dystopia / movies

Oh No, Not Another Teen Dystopia?

Gird your loins for the latest Young-Adult-dystopian-novel-turned-into-teen-dystopian-action-flic (YADNTITDAF). The Giver comes out in movie theaters tomorrow.

Yup, I’m going to go see it.

The professional critics’ reviews make me a little nervous. A number of them accuse The Giver of imitating other YADNTITDAFs to come out in the last year: Hunger Games: Catching Fire, Divergent, Ender’s Game. The irony is The Giver predates all recent YADNTITDAFs (except Ender’s Game) in book form.

I read Lois Lowry’s book when it first came out in the mid-‘90s, when I was just a year or 2 older than Jonas, the main character. (The movie Jonas is cast way older than the book Jonas.) I remember thinking it was unlike any book I’d ever read: sad, yet compelling, and worldview-shifting. It stuck with me for years. Lowry earned that Newbery.

I hadn’t heard the word dystopia yet. If I had I would have confused it with the medical term for nearsightedness. Which is ironic, because a dystopia is the opposite of myopia—it offers a far-reaching vision of society, albeit taken to extremes.

The dystopia is an old genre, reaching back to at least 1868, when John Stuart Mill coined the term in opposition to Thomas More’s 1516 Utopia. What is new, so it seems to me, is that this recent rise of dystopias is largely written for and driven by young audiences. By recent, let’s call The Giver and Ender’s Game (Orson Scott Card) two of the first of the wave, followed in the last 2 or 3 decades by The Hunger Games (Suzanne Collins), Divergent (Veronica Roth), Uglies (Scott Westerfeld), The City of Ember (Jeanne DuPrau), and dozens of others. When I look at Aldous Huxley’s 1931 Brave New World (one of my favorites), every main character is an adult. Yet in this new wave, most of the main characters are underage. Jonas in the book The Giver is just turning 12 (or as he would say, he’s a Twelve).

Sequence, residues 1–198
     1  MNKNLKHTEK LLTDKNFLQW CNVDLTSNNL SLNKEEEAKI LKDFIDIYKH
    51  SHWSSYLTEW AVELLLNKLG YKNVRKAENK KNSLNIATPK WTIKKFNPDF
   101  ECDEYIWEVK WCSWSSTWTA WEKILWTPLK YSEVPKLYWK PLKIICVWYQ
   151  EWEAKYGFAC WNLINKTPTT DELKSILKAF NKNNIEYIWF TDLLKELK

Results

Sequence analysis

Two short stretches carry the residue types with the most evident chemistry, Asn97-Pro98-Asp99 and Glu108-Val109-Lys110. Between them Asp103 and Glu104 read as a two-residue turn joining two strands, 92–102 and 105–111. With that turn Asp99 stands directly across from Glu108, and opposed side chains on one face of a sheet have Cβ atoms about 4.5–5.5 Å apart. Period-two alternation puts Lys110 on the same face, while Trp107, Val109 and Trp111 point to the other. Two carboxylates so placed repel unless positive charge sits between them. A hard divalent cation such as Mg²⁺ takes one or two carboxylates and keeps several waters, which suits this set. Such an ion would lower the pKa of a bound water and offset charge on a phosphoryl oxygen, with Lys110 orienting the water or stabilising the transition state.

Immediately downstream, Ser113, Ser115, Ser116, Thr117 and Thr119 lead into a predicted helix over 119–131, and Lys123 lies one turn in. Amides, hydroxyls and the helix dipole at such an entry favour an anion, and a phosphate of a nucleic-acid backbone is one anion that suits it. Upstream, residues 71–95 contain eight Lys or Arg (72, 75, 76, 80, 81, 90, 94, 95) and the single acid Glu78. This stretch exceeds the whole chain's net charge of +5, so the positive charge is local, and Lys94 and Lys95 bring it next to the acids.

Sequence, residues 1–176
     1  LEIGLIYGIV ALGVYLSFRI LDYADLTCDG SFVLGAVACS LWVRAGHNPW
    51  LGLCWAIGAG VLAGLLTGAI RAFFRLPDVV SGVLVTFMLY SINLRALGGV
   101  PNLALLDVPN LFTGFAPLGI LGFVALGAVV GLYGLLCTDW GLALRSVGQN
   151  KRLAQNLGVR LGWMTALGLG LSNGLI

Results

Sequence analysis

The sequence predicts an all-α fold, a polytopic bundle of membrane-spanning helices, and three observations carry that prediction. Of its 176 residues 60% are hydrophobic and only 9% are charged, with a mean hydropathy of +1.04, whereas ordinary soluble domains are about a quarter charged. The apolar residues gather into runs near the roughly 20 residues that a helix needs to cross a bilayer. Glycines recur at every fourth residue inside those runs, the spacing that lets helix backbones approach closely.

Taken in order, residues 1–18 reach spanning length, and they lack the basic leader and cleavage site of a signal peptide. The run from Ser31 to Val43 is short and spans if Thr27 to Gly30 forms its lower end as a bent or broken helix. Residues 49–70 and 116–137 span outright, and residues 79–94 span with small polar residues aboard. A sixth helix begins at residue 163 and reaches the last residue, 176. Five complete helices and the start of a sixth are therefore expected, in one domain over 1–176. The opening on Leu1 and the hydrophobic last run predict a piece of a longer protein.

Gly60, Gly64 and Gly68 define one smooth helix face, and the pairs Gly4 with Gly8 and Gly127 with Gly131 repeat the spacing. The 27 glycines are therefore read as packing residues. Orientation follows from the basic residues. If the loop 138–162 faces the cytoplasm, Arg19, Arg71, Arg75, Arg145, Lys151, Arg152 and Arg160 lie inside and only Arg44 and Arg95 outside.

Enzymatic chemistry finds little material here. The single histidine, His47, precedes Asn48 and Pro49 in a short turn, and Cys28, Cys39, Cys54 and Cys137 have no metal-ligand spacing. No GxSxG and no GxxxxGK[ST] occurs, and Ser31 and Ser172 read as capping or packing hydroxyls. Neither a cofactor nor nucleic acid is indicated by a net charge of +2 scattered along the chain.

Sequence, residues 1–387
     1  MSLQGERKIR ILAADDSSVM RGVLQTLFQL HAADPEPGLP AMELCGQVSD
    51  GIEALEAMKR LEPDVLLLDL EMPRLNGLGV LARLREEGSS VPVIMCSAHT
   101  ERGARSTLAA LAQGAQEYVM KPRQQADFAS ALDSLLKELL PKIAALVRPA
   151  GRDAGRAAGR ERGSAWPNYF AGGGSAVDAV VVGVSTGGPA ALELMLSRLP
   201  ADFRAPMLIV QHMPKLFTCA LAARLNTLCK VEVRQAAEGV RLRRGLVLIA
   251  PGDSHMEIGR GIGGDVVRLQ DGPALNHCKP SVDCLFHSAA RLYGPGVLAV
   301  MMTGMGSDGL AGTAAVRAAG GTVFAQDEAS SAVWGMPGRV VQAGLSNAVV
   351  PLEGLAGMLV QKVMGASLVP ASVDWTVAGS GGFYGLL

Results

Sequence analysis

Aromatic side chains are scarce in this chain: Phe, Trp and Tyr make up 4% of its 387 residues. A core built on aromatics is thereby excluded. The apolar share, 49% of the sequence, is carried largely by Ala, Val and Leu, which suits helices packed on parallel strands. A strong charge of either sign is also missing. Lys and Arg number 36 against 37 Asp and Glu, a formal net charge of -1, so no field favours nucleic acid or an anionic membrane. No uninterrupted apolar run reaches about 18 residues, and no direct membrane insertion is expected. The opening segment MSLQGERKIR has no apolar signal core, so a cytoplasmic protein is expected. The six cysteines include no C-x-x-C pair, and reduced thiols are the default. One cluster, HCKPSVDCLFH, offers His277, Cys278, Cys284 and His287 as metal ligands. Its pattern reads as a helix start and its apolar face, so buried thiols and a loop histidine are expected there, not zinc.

There are more YA dystopian novels out there than Amish romance novels. (Has anyone written an Amish dystopia?)

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Why is this?

At first I was stunned at the darkness writers expect young readers to deal with in these books. Characters are injured or even die for unjust reasons. Yet is this new? No. In the first 10 stories alone of Grimm’s Fairy Tales (1812), we have:

  • 1 case of spousal abuse
  • 1 case of cruelty to animals
  • 1 case of human trafficking
  • 1 attempted abduction
  • 2 cases of infidelity
  • 2 thefts
  • 1 evil spell
  • 10 murders (plus the murders of an unnamed number of leaders in a village)
  • 2 attempted murders
  • 1 attempted execution

You could argue the old fairy tales were geared toward adults. Well, the morality tales of the early Victorian Age were decidedly written for the instruction of young people. Take Heinrich Hoffman’s 1845 Struwwelpeter. One of his cautionary tales features Little Suck-A-Thumb. His mother warns him not to suck his thumb, but oh, cheeky little Suck-A-Thumb does not listen. One day, a tailor comes and snips his thumbs clean off his hands. Or take Wilhelm Busch’s 1871 book, Max and Moritz, in which two mischievous, chicken-torturing lads are eventually rolled in dough, baked, and eaten.

Sleep well after that bedtime story, kiddies.
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For readers who are disturbed that Katniss from The Hunger Games is forced to kill people while in her mid-teens, I would point out that Jack (from Beanstalk fame) willfully commits the following crimes while he’s about the same age:

  1. Breaking and Entering
  2. Theft (coins and a hen that laid golden eggs)
  3. Abduction (the harp spoke, so it was sentient)
  4. Murder (Yeah, the giant was trying to grind Jack’s bones to bake bread, but since Jack was the one breaking and entering, the giant might have been able to plead self-defense.)
  5. I’m sure chopping down that beanstalk was some kind of EPA violation. Beanstalks that reach to the clouds have to be some kind of rare and protected variety.

ID-100230648I’m not justifying all violence/criminality in literature for young people. In fact, I have mixed feelings about it. Some is permissible, but for me it depends on why it’s there. I’m simply pointing out it’s been there for centuries.

So if tales for children have been dark in other eras, what else could explain the new rise of the YA dystopia?